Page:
In PA: Obama Leads McCain by Seven Points: Franklin and Marshall College Poll

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For immediate release Wednesday, 10/01/08

Please find attached and below the results of the September 2008 Franklin and Marshall College Poll of registered Pennsylvania voters produced at Franklin and Marshall College in Lancaster, PA. Complete results can be found in the attachment or at

Key Findings:

1) Barack Obama leads John McCain by seven points (45% to 38%) among registered Pennsylvanians, while 14 percent are undecided and two percent would vote for another candidate. Obama’s advantage is smaller when undecided but leaning voters are included (48% to 43%).

2) Obama holds a sizeable lead among women (53% to 32%), younger residents (51% to 39%), non-whites (84% to 5%), college graduates (51% to 34%), and residents of Philadelphia (72% to 13%). McCain has an advantage among Protestants (48% to 36%), fundamentalist Christians (50% to 37%), veterans (51% to 32%), and residents in northwestern Pennsylvania (47% to 35%). Obama has an advantage among independents (52% to 24%).

3) A substantial majority (82%) of registered Pennsylvanians believe the country is off on the wrong track, and two in five (40%) say they are worse off financially this year than last. Obama is the choice of those who say the country is off on the wrong track (52% to 31%), while McCain has substantial support from those who say the country is moving in the right direction (73% to 14%). Obama leads among those who say their personal finances are worse off compared to last year (58% to 22%), and McCain does well among those whose personal finances are better than last year (54% to 30%).

4) More than half (52%) of registered voters cite the economy as the most important issue in their vote for president – an increase of 11 points since mid-August. Only 16 percent of registered Pennsylvanians indicate that President Bush is doing an excellent (1%) or good job (15%), while 83 percent say he is doing only a fair (27%) or poor job (56%). Almost half of respondents believe that McCain will mostly continue Bush’s economic policies (49%) and a large majority believes he will continue his foreign policies (60%). Half (50%) of respondents say they would be concerned if McCain was elected president, mostly because of his views on policy issues (35%) and the perception that he will carry on the policies of the Bush administration (33%). Slightly more (51%) respondents would be concerned if Obama was elected president, mostly because of his inexperience (48%) and views on policy issues (26%).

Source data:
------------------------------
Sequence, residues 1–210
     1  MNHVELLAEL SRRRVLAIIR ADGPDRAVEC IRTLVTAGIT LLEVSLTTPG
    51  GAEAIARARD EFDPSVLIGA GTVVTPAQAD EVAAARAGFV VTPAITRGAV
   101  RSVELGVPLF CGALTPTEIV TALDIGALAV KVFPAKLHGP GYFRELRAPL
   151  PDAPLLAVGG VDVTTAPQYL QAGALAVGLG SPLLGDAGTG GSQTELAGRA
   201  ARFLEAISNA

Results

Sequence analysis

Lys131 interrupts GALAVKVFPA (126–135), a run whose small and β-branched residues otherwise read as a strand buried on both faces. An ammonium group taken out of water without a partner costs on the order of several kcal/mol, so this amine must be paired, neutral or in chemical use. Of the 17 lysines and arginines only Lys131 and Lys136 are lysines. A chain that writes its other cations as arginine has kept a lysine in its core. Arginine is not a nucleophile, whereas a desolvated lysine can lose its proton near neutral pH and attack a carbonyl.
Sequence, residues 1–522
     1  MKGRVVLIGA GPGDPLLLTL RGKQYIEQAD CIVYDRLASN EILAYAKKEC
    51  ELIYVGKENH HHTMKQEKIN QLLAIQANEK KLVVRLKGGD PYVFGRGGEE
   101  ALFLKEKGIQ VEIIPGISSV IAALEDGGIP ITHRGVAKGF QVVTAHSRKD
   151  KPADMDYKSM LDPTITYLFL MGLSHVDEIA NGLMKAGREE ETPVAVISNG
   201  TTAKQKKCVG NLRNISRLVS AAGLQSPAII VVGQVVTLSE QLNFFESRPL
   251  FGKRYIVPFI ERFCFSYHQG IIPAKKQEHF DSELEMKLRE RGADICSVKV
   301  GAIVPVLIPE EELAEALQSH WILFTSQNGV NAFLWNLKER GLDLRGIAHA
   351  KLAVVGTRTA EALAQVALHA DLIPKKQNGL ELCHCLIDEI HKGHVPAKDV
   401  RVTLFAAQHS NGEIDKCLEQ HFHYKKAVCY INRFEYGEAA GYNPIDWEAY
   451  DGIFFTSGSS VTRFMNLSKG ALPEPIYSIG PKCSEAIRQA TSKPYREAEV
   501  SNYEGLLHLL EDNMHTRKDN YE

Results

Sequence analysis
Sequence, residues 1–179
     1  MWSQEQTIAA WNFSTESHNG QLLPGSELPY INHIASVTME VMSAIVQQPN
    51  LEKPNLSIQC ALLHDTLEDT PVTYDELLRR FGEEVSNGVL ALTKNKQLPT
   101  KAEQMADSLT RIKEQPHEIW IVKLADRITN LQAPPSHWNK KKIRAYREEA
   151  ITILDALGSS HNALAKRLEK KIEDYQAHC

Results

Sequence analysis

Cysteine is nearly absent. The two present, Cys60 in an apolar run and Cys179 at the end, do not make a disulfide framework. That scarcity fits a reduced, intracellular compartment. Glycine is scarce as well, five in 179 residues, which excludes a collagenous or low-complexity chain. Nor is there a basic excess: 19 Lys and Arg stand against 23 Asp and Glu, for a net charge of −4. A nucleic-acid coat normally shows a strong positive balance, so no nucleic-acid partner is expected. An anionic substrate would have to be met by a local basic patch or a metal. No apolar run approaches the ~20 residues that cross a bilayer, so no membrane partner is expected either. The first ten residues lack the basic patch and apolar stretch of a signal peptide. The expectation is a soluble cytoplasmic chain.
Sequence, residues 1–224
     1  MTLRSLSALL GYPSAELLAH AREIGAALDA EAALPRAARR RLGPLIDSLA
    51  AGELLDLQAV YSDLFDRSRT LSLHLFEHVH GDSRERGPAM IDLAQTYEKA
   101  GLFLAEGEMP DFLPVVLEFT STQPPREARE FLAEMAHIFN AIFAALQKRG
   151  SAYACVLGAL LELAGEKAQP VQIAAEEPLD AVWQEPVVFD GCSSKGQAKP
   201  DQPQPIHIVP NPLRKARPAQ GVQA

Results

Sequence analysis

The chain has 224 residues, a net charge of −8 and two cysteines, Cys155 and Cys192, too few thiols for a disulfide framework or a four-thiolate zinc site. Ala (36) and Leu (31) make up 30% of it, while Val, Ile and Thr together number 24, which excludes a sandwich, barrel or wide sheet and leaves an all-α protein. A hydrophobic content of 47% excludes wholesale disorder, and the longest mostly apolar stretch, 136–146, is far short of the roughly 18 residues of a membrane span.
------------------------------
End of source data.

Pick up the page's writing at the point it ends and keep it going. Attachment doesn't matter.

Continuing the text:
5) Both candidates perform about the same among their own party voters. McCain draws 73 percent of Republicans while Obama carries 72 percent of Democrats, but Obama has opened up a large lead among independents (52%to 24%).

These results and the attached analyses are based on the results of interviews conducted September 23-28, 2008. The interviews were conducted at the Center for Opinion Research at Franklin & Marshall College under the direction of the poll’s Director, Dr. G. Terry Madonna, Head Methodologist, Berwood Yost, and Project Manager, Brad Nankerville. The data included in this release represent the responses of 767 registered Pennsylvanians. Telephone numbers for the survey were generated using random digit dialing, and respondents were randomly selected from within each household. Survey results were weighted to adjust for different selection probabilities and non-response. The sample error for registered voters is +/- 3.5 percent.

Dr. G. Terry Madonna
Director of the Center for Politics and Public Affairs
Director, Franklin and Marshall College Poll
Professor of Public Affairs
Franklin & Marshall College
P.O. Box 3003
Lancaster, Pa. 19604
(717) 291-4052 Office
(717 575-2164 Cell
717 358-4666 Fax
[email protected]